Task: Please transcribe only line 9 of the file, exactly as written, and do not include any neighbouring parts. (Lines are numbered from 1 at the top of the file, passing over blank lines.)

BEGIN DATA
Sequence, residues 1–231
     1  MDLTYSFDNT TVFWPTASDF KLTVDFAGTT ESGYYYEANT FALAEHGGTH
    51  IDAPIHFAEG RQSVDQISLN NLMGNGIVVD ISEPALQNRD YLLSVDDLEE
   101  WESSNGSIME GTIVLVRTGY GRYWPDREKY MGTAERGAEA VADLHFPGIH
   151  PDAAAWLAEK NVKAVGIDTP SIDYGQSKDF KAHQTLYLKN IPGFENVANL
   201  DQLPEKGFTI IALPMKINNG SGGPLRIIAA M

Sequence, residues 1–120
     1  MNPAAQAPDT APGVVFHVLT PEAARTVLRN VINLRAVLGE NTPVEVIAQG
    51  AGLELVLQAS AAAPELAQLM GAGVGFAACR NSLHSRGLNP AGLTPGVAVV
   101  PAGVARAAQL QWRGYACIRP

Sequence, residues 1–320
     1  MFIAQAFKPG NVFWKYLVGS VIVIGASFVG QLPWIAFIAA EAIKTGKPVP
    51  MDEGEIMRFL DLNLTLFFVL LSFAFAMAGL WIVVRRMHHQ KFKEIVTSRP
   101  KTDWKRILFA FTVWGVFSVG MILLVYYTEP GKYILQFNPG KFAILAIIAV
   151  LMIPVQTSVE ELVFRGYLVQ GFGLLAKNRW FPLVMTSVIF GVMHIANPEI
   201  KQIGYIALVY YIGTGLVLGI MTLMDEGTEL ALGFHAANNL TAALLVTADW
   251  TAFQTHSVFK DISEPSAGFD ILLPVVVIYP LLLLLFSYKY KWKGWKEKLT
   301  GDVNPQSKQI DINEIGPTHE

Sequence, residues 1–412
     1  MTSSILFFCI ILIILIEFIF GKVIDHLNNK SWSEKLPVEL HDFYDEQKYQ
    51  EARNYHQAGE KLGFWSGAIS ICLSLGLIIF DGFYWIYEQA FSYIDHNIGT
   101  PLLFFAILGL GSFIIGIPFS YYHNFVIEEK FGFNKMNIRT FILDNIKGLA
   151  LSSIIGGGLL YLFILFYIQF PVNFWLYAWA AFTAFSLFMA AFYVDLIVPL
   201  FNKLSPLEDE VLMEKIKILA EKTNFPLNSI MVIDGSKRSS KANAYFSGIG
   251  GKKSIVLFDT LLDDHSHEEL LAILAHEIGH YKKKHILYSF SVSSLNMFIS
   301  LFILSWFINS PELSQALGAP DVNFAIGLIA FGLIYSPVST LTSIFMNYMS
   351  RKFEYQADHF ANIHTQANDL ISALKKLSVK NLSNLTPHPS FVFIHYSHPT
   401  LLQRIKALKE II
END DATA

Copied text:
    51  AGLELVLQAS AAAPELAQLM GAGVGFAACR NSLHSRGLNP AGLTPGVAVV